In the Timor case I remember we needed a stable temperature in an area with an unreliable electricity supply so the answer was to use a wind cowl (a pivoting intake or wind scoop aligning to the prevailing breeze) to create an air flow air via a large duct which discharged at the bottom of the pit. In the middle east wind scoops (malquaf or badgir) are used to channel air from the higher levels down into living areas and the same principles can apply. From there the air would either flow, or could be drawn by a low power (possibly solar) fan up into the building.

This was proposed by a number of adherents in the 1970s, the one I recall was in Ken Kern's "The Owner Built Home". I recall in that book he also referred to a German patent that used crates of gravel placed in cellars to increase the efficiency and heat mass. Again the principle is fairly simple that the air must flow around the gravel and be in contact with it so a uniform rather than graded gravel would be desirable.

In another book "The Natural House Book" by David Pearson, he provides comparative figures for Australian built earth covered homes indicating the significant temperature stability below ground - as I recall in one example about 12 Deg C fluctuation internally while outside temperatures varied from subzero to mid forties.

The ceiling of the warehouse needs to be ventilated (with screens against bugs and snakes) to allow the hot air to rise and ventilate, thus drawing air from the pit.

In a somewhat different application traditional Khmer houses do this... the tiled roof is unsealed allowing hot air to flow out. The slatted floors which are raised above ground allow any breeze to enter, and even draw air in as the hot air rises and escapes through the vents, such as when two to three families live as an extended family in a large room; the air is drawn through the floor and vented through the roof. This air movement is also effective at minimising mosquito nuisance ( they do not like moving air).

My suggestion would be to use the stable temperature below ground, increase the heat / cool mass and draw or flow the cooled air into the building (may be low power solar fan, heat funnels may work)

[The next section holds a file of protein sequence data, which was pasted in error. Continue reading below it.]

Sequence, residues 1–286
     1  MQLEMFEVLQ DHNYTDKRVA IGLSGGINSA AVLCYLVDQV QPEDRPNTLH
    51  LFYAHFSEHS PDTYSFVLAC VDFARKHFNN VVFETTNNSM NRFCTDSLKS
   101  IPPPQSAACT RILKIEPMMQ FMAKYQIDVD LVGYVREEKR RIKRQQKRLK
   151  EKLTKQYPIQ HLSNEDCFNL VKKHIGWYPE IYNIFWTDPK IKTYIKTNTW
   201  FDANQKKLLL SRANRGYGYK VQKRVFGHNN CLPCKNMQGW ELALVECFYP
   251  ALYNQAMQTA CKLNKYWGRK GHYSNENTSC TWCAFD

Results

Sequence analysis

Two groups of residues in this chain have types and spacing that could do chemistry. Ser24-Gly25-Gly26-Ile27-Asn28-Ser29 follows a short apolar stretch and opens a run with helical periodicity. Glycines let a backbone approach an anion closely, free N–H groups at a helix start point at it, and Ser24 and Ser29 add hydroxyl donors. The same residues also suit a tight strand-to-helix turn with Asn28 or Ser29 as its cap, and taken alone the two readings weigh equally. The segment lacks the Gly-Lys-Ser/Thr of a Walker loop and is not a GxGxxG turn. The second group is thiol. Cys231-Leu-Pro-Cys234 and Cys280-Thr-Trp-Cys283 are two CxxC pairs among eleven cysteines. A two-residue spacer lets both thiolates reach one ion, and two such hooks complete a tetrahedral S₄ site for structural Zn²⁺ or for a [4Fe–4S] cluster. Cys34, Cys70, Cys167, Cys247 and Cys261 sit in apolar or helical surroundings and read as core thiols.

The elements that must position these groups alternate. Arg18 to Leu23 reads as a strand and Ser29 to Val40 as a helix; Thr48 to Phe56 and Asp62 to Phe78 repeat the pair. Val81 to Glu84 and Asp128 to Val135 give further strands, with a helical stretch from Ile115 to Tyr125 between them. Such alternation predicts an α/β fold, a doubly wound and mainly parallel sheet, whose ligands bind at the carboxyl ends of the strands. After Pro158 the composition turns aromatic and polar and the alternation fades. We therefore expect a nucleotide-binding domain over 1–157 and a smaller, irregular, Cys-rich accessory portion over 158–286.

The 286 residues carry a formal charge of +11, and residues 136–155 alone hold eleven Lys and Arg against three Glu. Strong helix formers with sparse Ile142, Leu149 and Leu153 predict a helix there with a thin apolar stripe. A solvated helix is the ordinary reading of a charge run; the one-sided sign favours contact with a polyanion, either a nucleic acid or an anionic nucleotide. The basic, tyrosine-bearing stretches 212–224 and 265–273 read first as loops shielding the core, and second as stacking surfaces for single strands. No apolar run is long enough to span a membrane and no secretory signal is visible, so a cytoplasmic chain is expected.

I did two missions in South Sudan and my impression there was of considerable heat and quite ... (more)


I know this may sound like a wild card but phase change materials are also great for thermal stability used commonly to keep remote telecommunications equipment cool I have used them in thermal storage floor slabs and have heard of very cheap non commercial versions Regards, Dave Hodgkin


Mechanical means or physical


1 Twin wall tent; 'fill' the void space with straw/grass; absorbent material; keep wet, circulating system, then get an air blower to push or pull air through the inter-space. This is the same concept to 'Iraqi air con'; yes there is cooling as there is constant heat loss through evaporation


1 Paint the external walls of the tent silver or cover in a good reflective material; glue aluminium foil to external skin

Sorry; this might seems a little 'blue-sky' but could help.


Julian Carter


I cannot add anything to John's excellent response.

When considering thermal comfort, passive design, building maintenance and material selection , we often refer to the Building Issues report from Lund, specifically: +Techniques

More generally from Lund, or:

Lastly, our overview training on climatic design introduces the concepts and is consistent with the training that we developed both for the IASC ESC and the IFRC:


Tom Corsellis

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2014-01-13 11:59:50
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Jan 13 '14